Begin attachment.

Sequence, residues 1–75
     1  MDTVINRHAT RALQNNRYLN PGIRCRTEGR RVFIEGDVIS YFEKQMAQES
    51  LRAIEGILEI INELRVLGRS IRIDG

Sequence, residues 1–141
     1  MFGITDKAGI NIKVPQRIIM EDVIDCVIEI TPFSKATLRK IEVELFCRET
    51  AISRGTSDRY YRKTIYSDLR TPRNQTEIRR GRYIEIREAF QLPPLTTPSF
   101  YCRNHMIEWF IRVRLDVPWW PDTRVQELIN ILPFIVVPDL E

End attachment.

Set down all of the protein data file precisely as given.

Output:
Sequence, residues 1–75
     1  MDTVINRHAT RALQNNRYLN PGIRCRTEGR RVFIEGDVIS YFEKQMAQES
    51  LRAIEGILEI INELRVLGRS IRIDG

Sequence, residues 1–141
     1  MFGITDKAGI NIKVPQRIIM EDVIDCVIEI TPFSKATLRK IEVELFCRET
    51  AISRGTSDRY YRKTIYSDLR TPRNQTEIRR GRYIEIREAF QLPPLTTPSF
   101  YCRNHMIEWF IRVRLDVPWW PDTRVQELIN ILPFIVVPDL E